Monday, August 22, 2011

#BookReview: Song Yet Sung - James McBride

I did not expect to like to this book.  As a matter of fact, it sat in my "to be read" pile for three weeks before I even picked it up.  Even then, I only did so because it was due back at the library soon.  Out of all of the books in my stack, it's the one I should have picked up first because I absolutely loved it.

With Song Yet Sung James McBride has managed the perfect blend of historical fiction with just a little touch of the paranormal.  In reading it, I'm reminded of Octavia E. Butler's Kindred.  Song Yet Sung follows the lives of slaves and slave catchers along Maryland's eastern shore.  In an area full of abolitionists, free men and oysterman, Amber and Wiley live a peaceful existence with their widowed mistress and her son. The peace on their farm is interrupted the day "the Dreamer" comes into their lives.

Captured by the notorious slave stealer, Patty Cannon, and her gang, the beautiful Liz finds herself locked in the attic with fourteen other slaves.  Injured during her capture, she's nursed back to health by "the woman with no name."  When a turn of events frees the captives, the elderly woman with no name knows that freedom is not in her future.  Instead, she gives to Liz the code that will lead her to freedom. Today, most have heard of the codes that were quilted into blocks during slavery to guide runaways along their journey.  These codes would tell slaves in the area if it was save to move, if someone was on the run, in which direction they should go, etc.  Though she doesn't understand the code, Liz makes note of it and starts her quest to freedom.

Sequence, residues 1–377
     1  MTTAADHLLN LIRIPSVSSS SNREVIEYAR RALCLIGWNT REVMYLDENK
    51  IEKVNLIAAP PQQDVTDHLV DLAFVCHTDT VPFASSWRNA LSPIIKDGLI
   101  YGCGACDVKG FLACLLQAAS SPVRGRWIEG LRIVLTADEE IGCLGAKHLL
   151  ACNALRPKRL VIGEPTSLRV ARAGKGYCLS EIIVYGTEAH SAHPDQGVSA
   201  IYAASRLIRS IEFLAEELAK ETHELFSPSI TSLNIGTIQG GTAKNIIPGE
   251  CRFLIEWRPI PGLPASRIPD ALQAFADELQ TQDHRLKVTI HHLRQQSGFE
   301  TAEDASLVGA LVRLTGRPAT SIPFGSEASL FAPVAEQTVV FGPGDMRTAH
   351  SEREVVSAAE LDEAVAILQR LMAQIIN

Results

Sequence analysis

Liz dreams of a future that includes yellow, brown and white people standing on a large campground listening to a brown man singing the song yet sung; brown people in moving machines shooting other brown people; and children losing themselves in front of a talking box.  With the help of the mysterious Woolman who lives in the swamp, the blacksmith, an oysterman and Amber, Liz's dreams are realized.

What did you like about this book?
It was so unexpectedly good.  You definitely have to be a thinking person to understand the dreams of which Liz speaks.  The addition of Patty Cannon, a real person, made the story that much more captivating.

What did you dislike about this book?
I was unclear on maybe two or three paragraphs right at the end of the book.  I'm sure re-reading them may bring some clarity.

What could the author do to improve this book?
Nothing.  James McBride seems to hit it out of the ballpark each time.




368pp
Published February 2008

Theme: 1863 by Dianne Reeves (click to listen)

Originally posted June 28, 2010
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